My granddaughter has inherited the little playhouse we originally got for her brother when he was much younger, and my wife got her little tea sets and tiny plates and utensils. Those, she’ll use to make me “coffee,” and when it’s warm, we’ll give her some water so she can “cook,” and then we’ll “eat” together.

I know I’m probably rambling now, but the world is never quite so clear to me as when she’s with me. Nothing else really seems to matter. She is real life. A lot of the self-important opinions on the web, not so much (yes, the people behind them are real, but there’s something about virtual communication and inhibits their – and my – reality in terms of interactions).

I worry about my grandchildren. The world’s quite a bit more messed up than when I was a kid. I was my granddaughter’s age in 1957 and my grandson’s age in 1963. As you can imagine, things are really different now, and not in too many good ways.

By the time they grow up, what will the world be like for them? Will there even be a livable world by the time they get to my age? I don’t have the answers to those questions, so I think I’ll just concentrate on trying to be the best Grandpa I can be to them in the here and now.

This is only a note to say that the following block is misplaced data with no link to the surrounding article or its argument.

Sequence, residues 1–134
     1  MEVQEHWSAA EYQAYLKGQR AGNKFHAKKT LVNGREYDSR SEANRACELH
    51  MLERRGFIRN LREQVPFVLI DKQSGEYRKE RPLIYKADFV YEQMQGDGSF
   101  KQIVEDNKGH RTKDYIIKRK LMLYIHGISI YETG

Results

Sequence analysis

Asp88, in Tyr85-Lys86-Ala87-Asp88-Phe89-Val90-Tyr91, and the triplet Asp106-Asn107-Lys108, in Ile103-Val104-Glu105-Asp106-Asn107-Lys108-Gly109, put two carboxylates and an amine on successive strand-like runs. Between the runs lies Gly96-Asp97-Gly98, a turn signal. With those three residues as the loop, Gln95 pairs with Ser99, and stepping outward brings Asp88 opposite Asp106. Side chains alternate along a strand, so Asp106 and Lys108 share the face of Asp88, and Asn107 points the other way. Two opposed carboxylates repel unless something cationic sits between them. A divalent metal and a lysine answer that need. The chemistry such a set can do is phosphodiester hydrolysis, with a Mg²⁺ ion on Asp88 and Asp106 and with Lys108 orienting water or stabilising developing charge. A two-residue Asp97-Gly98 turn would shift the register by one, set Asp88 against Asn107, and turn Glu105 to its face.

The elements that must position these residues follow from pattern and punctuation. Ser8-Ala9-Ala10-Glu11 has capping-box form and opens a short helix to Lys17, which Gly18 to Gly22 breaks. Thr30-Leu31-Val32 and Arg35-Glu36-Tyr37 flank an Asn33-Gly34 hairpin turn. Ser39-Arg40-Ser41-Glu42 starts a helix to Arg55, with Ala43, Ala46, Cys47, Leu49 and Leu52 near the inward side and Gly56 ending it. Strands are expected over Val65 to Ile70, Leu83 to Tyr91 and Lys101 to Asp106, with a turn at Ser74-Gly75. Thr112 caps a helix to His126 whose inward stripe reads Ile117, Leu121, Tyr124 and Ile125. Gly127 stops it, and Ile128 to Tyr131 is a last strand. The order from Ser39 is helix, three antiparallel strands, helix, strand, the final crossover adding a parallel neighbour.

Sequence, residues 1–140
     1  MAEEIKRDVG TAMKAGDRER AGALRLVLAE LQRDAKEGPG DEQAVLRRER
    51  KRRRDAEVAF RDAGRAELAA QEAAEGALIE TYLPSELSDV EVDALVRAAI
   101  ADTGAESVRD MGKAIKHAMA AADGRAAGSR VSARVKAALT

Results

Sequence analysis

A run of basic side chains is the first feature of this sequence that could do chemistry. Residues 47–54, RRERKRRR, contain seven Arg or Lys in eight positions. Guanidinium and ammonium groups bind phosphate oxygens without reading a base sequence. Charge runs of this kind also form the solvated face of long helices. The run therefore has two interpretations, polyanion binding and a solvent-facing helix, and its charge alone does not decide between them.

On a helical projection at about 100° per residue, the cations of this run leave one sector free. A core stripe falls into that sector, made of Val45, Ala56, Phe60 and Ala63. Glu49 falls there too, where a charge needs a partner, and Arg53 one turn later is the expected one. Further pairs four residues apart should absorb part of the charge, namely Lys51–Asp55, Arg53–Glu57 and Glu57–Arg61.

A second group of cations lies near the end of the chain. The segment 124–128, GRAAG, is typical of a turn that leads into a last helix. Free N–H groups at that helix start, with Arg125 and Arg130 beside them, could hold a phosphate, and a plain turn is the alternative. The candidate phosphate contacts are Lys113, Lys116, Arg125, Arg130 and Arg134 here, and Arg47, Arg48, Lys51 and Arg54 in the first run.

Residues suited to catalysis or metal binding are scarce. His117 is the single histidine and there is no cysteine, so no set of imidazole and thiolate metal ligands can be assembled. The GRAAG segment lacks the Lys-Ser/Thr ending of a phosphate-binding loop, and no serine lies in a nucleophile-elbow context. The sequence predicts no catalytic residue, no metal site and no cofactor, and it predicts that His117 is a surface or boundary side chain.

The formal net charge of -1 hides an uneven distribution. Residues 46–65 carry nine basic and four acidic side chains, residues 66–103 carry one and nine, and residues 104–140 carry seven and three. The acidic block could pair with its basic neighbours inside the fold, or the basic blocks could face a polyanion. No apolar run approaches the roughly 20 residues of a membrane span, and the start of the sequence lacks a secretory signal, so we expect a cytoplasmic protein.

And now for something completely different. This $5.00 t-shirt just arrived in the mail. Pretty cool, huh?

mos eisley

Mos Eisley t-shirt from United Perks – Photo credit James Pyles

I was going to write this anyway, but I try not to waste a good writing prompt, so I accepted the Saturday Mix – Opposing Forces challenge hosted at Mindlovemisery’s Menagerie. The idea today is to take two sets of words, the words in each pair being the antithesis of the other, and to use them in a poem, short story, or other creative work. Those words are bolded above.

Mainly though, I just wanted to combat the general panic attacks on the internet over various politicians and social justice causes and say that while those topics can be important, they’ll never be more important to me than my grandchildren. If you don’t have those sorts of connections in your life, you’re missing out.

Oh, I promised my son I wouldn’t put any photos of his children online that showed their faces, so I posted one of my grandson holding up a stuffed animal.